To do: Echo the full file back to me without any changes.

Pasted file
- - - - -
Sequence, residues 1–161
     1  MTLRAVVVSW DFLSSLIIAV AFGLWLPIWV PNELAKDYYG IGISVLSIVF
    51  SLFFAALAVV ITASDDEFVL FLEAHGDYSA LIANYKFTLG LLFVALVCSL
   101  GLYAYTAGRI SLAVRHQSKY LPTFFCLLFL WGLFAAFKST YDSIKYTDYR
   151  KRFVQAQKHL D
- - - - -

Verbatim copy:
Sequence, residues 1–161
     1  MTLRAVVVSW DFLSSLIIAV AFGLWLPIWV PNELAKDYYG IGISVLSIVF
    51  SLFFAALAVV ITASDDEFVL FLEAHGDYSA LIANYKFTLG LLFVALVCSL
   101  GLYAYTAGRI SLAVRHQSKY LPTFFCLLFL WGLFAAFKST YDSIKYTDYR
   151  KRFVQAQKHL D